RUGGIERO v. New York Hospital, Defendant-Respondent.

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Supreme Court, Appellate Division, First Department, New York.

Michael RUGGIERO, Plaintiff-Respondent, v. CARDELLA TRUCKING CO., etc., Defendant-Appellant, New York Hospital, Defendant-Respondent.

Decided: March 31, 2005

FRIEDMAN, J.P., MARLOW, NARDELLI, SWEENY, CATTERSON, JJ. Waxman & Wincott, P.C., Woodbury (Joseph J. Kunzeman of counsel), for appellant. Alexander J. Wulwick, New York, for Michael Ruggiero, respondent. Newman Fitch Altheim Myers, P.C., New York (Michael H. Zhu of counsel), for New York Hospital, respondent.

Order, Supreme Court, New York County (Walter B. Tolub, J.), entered August 27, 2003, which, to the extent appealed from, denied so much of defendant Cardella's cross motion as sought summary judgment dismissing defendant New York Hospital's cross claim, and which also denied defendant hospital's motion for summary judgment dismissing plaintiff's remaining cause of action against it under Labor Law § 241(6), unanimously reversed, on the law, without costs, Cardella's cross motion granted, and, upon a search of the record, plaintiff's Labor Law § 241(6) claim against the hospital dismissed.   The Clerk is directed to enter judgment accordingly.

Plaintiff, an employee of the construction manager of a renovation project at defendant hospital, was injured when a dumpster cart furnished by defendant Cardella tipped over onto him, allegedly because of a defective wheel, as he was pulling it up a ramp to be hauled away.   Plaintiff initially brought this action against both the hospital and Cardella, but subsequently discontinued it voluntarily as against Cardella.

Following discovery, the hospital moved and Cardella cross-moved for summary judgment dismissing plaintiff's claims and the respective cross claims asserted against them.   The court granted the hospital's request to dismiss Cardella's cross claim for contribution or indemnification, without opposition.   The court also dismissed plaintiff's claims under Labor Law § 200 and § 240(1) and his common-law negligence claim, without opposition.   However, the court denied that branch of the hospital's motion for summary judgment dismissing plaintiff's claim that the hospital had violated § 241(6) for failure to comply with Industrial Code (12 NYCRR) § 23-1.28(b), which mandates that “[w]heels of hand-propelled vehicles shall be maintained free-running and well secured to the frames of the vehicles.”   The court denied as moot Cardella's similar request for summary judgment dismissing plaintiff's § 241(6) claim based on plaintiff's discontinuance of the action as against it.   Finally, the court denied that branch of Cardella's cross motion for summary judgment dismissing the hospital's cross claim for indemnification.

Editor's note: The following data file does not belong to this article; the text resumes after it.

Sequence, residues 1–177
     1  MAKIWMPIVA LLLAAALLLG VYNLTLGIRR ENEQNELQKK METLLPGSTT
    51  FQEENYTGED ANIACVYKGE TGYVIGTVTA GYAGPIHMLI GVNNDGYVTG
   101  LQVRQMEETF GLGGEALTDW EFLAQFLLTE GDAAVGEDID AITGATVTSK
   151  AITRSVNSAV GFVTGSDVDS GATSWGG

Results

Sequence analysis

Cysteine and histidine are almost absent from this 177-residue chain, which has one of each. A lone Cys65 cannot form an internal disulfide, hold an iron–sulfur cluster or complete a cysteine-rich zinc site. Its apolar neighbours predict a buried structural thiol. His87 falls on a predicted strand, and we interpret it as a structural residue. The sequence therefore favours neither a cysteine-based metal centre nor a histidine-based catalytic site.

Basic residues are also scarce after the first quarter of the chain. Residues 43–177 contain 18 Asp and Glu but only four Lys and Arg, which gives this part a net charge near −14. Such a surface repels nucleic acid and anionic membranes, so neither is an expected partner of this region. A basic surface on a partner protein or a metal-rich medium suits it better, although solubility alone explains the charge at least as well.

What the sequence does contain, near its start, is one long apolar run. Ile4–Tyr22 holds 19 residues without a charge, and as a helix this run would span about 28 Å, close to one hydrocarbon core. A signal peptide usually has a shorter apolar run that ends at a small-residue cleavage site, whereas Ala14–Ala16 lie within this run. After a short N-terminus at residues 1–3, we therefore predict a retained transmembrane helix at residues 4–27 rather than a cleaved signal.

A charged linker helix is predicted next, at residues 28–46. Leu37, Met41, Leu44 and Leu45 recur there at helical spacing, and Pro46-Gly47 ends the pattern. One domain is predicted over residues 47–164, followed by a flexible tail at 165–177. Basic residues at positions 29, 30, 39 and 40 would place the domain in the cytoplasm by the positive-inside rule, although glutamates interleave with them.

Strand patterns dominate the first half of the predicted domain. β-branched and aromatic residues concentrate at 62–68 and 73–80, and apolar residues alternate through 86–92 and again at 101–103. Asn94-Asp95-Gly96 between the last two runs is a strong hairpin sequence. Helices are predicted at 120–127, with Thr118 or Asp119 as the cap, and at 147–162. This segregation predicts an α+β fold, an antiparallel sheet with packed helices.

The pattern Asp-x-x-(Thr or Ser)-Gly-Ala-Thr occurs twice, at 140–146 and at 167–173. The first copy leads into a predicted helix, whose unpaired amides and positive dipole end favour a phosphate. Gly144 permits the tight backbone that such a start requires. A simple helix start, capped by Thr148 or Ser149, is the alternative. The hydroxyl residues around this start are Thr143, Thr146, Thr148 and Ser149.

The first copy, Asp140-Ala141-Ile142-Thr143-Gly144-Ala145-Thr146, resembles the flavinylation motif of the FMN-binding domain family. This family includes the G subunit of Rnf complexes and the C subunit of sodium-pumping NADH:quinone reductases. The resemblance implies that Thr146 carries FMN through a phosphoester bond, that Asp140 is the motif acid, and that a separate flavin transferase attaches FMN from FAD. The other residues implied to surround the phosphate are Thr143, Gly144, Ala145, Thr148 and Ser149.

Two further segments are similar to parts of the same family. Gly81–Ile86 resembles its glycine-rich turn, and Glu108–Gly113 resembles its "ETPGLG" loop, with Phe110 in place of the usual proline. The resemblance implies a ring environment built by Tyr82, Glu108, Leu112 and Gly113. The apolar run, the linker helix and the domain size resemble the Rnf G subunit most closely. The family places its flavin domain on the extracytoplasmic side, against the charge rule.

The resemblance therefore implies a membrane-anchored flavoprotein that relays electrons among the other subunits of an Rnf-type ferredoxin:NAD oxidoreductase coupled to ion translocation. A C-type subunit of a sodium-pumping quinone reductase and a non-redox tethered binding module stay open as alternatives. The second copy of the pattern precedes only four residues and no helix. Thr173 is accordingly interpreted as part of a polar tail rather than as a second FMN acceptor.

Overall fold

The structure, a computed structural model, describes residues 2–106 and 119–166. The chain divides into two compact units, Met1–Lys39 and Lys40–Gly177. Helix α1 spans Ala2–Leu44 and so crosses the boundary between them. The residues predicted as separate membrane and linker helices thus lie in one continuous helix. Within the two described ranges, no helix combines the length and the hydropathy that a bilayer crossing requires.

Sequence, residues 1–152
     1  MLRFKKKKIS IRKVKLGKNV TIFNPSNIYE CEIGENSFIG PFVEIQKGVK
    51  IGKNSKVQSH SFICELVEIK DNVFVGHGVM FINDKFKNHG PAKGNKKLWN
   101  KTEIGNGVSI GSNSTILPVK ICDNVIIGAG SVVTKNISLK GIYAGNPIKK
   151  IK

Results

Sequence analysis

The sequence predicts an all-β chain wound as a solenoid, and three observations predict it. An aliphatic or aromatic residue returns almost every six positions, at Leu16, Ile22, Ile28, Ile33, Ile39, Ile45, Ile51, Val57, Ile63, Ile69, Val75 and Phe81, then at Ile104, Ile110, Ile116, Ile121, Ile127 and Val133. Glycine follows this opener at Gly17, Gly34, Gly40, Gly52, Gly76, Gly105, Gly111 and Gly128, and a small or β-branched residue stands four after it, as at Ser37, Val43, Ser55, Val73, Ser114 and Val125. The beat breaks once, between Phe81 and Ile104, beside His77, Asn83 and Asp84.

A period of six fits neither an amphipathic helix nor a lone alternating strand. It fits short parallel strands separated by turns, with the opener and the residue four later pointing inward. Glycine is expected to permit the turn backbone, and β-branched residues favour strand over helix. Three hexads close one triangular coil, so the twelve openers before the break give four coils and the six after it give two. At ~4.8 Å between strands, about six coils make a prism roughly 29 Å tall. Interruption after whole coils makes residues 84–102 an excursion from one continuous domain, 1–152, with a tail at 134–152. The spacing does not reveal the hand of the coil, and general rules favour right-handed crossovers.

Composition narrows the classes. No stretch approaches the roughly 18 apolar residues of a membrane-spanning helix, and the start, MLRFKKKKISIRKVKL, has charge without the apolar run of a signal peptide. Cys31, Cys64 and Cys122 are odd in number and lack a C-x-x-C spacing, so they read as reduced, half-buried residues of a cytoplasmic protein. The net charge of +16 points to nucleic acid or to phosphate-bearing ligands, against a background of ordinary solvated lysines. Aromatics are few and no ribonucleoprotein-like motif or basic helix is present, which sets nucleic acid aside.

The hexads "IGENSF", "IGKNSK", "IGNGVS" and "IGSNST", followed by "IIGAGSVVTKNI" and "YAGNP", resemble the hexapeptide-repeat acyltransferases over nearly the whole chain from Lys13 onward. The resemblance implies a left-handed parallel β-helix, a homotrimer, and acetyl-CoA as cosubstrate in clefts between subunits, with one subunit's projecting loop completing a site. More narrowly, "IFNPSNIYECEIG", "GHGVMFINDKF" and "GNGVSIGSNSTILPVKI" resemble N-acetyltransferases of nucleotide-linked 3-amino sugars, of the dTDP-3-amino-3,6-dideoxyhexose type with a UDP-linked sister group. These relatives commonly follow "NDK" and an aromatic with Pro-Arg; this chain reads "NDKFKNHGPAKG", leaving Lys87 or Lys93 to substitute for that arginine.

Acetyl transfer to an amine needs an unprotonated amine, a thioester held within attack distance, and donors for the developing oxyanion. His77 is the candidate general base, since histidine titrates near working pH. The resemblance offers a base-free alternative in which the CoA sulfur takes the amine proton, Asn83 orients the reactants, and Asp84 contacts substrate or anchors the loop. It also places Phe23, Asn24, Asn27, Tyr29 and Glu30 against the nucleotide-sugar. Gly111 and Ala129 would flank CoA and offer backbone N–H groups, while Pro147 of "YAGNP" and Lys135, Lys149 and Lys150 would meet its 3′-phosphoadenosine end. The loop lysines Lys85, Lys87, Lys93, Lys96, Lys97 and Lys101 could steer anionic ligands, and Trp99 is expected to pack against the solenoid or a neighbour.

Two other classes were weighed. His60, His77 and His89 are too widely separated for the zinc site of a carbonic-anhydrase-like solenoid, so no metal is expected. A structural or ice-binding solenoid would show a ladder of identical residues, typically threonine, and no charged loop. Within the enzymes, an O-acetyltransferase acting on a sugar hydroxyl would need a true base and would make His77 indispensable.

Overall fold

The hospital has not appealed from that part of the order denying its request for summary dismissal of the remaining § 241(6) claim, and Cardella only appeals from that part of the order which denied summary judgment dismissing the hospital's cross claim for indemnification.   In response to Cardella's appeal, the hospital argues that if we find that its cross claim against Cardella should have been dismissed, then, “by operation of law, plaintiff cannot establish a prima facie case against the Hospital either.”   In that case, the hospital requests that we grant it summary judgment dismissing plaintiff's remaining cause of action on a search of the record.